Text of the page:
What do you do apart from ministry? How do you support yourself?” asked the enquirer when he found out that I was planting/pastoring a church. I have had to field this question a dozen times or so in the last five years. It seems that the unspoken attitude behind the question is: “Is that ALL you do? The pastors I know have got other jobs”. I usually respond by saying that I am a full-time pastor, and that ministry is hard and demands lots of time and effort. I would also be quietly confident that I could toss some texts and precedents their way if I needed to settle my case.
Clearly, in some contexts, bi-vocational ministry is entirely “normal” and full-time ministry is considered the exception. In a 2017 article, Church Leadership blogger, Karl Vaters showed how bi-vocational ministry is becoming more common and termed it “the new normal.” In a 2017 article, Ed Stetzer claimed that one-third of all American (affluent American!) pastors are bi-vocational, and that the number is growing.
My background was different. I come from a tradition where a church “called” you, paid you a salary and sometimes even offered you accommodation and a book allowance! Along with my experience came unhelpful and prejudiced convictions and attitudes. I thought that a fully supported ministry was by far the better option. Plus, the pastors who had impacted my life in a substantial way were all full-time men.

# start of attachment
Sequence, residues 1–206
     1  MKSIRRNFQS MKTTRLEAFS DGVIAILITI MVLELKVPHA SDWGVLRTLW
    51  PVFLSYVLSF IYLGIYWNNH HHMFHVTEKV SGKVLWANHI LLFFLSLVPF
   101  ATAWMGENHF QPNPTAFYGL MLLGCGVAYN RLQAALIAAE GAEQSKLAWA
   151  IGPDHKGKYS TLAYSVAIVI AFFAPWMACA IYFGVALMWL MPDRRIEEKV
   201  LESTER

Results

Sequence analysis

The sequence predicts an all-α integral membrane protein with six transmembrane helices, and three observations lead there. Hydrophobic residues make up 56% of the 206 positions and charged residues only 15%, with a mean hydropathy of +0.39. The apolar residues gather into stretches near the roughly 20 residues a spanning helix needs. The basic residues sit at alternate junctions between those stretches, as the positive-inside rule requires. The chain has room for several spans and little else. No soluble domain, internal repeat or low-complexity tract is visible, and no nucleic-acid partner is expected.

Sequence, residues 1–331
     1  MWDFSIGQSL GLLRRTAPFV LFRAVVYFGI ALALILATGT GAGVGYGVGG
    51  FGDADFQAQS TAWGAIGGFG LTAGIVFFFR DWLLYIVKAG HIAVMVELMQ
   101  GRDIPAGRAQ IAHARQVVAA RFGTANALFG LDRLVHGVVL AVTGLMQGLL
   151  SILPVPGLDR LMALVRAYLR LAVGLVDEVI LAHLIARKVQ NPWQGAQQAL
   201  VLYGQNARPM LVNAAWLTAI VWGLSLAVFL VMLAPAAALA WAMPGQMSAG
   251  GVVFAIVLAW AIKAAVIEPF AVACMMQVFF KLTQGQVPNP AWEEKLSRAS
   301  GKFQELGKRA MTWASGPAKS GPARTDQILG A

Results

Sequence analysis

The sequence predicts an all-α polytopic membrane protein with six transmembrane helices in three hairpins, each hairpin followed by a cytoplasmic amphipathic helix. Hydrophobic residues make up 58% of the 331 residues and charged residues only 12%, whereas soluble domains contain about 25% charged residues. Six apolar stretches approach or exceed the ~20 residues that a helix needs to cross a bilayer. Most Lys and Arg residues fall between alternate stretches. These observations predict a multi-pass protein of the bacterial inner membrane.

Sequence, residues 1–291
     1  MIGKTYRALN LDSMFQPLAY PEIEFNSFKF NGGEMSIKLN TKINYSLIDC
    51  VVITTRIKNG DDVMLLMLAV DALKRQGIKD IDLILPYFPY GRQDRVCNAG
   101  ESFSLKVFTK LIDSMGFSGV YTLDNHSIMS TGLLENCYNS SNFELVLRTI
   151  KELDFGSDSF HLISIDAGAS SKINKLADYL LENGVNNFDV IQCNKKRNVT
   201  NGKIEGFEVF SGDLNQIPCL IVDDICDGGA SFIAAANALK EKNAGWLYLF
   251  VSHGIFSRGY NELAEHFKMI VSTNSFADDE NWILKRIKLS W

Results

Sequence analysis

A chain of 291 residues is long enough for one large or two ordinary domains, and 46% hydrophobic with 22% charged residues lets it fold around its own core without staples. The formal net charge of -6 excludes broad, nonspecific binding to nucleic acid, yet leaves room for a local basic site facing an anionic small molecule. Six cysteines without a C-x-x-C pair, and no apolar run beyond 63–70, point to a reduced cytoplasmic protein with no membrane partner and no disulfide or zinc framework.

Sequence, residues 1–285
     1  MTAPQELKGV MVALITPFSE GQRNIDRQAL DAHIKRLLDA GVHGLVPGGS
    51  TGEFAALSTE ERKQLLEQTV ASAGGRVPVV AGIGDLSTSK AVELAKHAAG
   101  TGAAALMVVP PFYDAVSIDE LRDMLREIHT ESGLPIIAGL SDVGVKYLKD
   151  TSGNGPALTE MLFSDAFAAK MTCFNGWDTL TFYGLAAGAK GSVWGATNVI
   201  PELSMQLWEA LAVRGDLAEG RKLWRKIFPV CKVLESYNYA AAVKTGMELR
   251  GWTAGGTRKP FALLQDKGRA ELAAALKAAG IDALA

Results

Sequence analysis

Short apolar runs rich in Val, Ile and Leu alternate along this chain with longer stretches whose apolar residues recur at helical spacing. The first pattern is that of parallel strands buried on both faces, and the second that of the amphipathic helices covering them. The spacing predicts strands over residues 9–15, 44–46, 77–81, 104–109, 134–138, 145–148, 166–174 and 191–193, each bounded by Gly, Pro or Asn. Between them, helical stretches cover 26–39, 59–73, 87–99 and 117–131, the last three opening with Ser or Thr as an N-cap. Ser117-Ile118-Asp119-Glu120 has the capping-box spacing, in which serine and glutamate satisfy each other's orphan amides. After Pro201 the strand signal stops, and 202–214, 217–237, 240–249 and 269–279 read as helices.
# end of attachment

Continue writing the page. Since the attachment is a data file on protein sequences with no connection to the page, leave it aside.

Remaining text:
Bi-vocational ministry was a distant second-best by my reckoning. I wondered whether a pastor or church planter with another job is a real pastor? Is he doing real ministry? In short, I was biased and ill-informed.
My thinking and attitude to bi-vocational ministry has been tweaked over recent months. There are a couple of reasons (apart from economic realities) for this:
- Scripturally – a study of the relevant passages would indicate that one could legitimately argue either way. 1 Corinthians 9:1-18 is a critical passage and the Apostle Paul affirms the validity of both full-time, fully supported ministry and bi-vocational ministry. It seems undeniable that a strong case could be made for both modes of ministry. Paul was a bi-vocational pastor (for at least some of the time) and his ministry was not second best!
- Circumstantially – this is linked to the previous point. If both approaches can be clearly supported by Scripture, then surely circumstances and providence play an important role in making this decision. The situation in our church plant necessitated a change of plan. Isn’t it interesting how differing circumstances cause you to read and understand the Bible differently?